Companies merging, combining complementary skills in order to secure greater market share, has been one of the major trends in medtech outsourcing in the last decade. Accellent kicked off one of the largest consolidations in medical device manufacturing. Given how many major companies have merged in the last decade, it’s safe to say that the Accellent model was probably before its time. They assembled a group of companies that initially weren’t well integrated but provided an array of skills. KKR & Co., the global investment firm that owned Accellent, loaded the company with debt and it took more than 10 years for Accellent to evolve into what became Integer in 2016 (following the acquisition of Lake Region Medical in 2014, which in turn was purchased by Greatbatch in 2015), forming a medical device manufacturing juggernaut with sales of more than $1.5 billion.
Other major consolidations included Jabil’s acquisition of Nypro, the Flextronics purchase of Avail in 2007, and the Molex buyout of Phillips-Medisize in 2016. Combined, these manufacturing conglomerates account for nearly $3 billion in medical manufacturing revenue a year. Also in recent years, MedPlast appears to be striving to reach the $1 billion revenue mark based on all the acquisitions they’ve made the last few years, such as Vention and Coastal Life.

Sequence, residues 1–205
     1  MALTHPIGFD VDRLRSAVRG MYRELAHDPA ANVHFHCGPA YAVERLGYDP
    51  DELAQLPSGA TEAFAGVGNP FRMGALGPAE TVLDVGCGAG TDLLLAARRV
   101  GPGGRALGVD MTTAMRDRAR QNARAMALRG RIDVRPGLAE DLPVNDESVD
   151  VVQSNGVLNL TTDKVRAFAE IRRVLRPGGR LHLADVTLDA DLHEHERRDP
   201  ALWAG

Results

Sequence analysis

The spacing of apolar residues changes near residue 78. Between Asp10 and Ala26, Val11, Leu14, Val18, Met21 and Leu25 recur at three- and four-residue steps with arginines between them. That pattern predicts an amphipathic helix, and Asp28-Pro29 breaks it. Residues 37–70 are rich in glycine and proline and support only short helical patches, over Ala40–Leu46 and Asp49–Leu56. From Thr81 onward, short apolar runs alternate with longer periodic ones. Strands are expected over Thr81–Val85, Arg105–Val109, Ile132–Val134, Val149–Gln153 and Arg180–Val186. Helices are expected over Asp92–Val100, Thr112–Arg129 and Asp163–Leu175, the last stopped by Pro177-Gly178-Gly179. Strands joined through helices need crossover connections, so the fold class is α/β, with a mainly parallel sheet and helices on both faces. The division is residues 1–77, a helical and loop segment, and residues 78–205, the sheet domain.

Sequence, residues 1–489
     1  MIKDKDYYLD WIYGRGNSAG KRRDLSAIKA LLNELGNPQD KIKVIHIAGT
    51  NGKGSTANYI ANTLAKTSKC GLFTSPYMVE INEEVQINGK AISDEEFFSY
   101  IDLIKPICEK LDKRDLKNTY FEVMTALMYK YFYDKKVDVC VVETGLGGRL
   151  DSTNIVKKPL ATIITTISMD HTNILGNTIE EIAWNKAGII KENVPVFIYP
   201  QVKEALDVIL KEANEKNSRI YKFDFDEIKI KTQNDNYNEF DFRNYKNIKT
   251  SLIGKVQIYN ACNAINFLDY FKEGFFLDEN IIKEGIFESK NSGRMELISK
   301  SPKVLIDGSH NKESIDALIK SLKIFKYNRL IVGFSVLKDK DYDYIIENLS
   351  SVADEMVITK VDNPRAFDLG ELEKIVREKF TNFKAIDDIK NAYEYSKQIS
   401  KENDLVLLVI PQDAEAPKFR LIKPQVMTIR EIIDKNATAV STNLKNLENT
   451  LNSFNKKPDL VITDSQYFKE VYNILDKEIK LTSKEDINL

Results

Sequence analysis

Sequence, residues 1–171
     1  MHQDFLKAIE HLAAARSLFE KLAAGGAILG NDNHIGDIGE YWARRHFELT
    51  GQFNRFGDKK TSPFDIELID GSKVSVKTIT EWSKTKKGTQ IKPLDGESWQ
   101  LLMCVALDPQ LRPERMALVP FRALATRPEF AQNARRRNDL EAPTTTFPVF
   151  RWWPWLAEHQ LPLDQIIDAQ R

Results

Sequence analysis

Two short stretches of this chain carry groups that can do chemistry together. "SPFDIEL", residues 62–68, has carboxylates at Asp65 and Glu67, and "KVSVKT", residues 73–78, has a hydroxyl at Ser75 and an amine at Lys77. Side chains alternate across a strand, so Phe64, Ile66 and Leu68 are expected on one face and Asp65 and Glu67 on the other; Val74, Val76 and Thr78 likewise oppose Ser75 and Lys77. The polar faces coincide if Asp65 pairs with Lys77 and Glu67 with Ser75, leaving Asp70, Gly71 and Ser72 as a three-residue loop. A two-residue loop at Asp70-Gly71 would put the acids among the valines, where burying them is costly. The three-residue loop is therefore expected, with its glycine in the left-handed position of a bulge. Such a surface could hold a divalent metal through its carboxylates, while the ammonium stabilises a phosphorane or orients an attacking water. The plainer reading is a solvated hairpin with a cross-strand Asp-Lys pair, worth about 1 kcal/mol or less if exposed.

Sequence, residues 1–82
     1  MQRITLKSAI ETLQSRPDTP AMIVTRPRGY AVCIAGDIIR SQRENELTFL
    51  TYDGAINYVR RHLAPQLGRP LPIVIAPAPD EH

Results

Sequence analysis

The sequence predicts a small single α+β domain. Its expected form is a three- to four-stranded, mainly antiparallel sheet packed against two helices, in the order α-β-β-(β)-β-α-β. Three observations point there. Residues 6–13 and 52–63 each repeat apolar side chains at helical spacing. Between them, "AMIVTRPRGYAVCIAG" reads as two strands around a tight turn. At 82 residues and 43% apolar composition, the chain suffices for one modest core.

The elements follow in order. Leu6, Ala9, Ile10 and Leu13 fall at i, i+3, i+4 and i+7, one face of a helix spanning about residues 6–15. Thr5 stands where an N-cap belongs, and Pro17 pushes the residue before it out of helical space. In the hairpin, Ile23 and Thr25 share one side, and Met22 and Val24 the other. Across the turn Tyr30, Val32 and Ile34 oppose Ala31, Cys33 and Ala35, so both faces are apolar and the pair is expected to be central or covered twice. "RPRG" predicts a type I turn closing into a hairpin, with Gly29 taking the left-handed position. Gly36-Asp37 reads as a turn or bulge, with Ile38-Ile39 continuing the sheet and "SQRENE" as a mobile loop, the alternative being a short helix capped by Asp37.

2. New entrants
Another defining characteristic of the medical device manufacturing space over the last decade has been companies entering the sector without much prior experience in medical technology, but eager to create a healthcare niche within their business. Molex is an interesting example of this trend. The company, which is owned by the Koch brothers, didn’t have much of a history in medical device manufacturing. It focused mostly on consumer electronics, information technology, automotive and other industries. Other large industrials that have moved into medtech manufacturing in the recent past include Freudenberg, Trelleborg, Nordson, Lubrizol and TE Connectivity. Many other global and broadly diversified manufacturers have been active in medtech mergers and acquisitions but so far have come up short in their bids to assemble market-leading medical device manufacturing portfolios.
Medical technology distributors have moved from being simply hospital suppliers to creating a niche as supply chain and healthcare solutions providers. For example, MedLine Industries has been an active manufacturer in the distributor world for a long time (and with many private-label commodity products, many made in Asia with contract manufacturers). However, two of their competitors have made recent moves to significantly add to their own manufacturing capabilities and product portfolios. Cardinal Health acquired Cordis from Johnson & Johnson and Covidien’s Medical Products Division from Medtronic. Just recently, Owens & Minor purchased a large chunk of the surgical supply business from Halyard Health (formerly Kimberly Clark Health Care).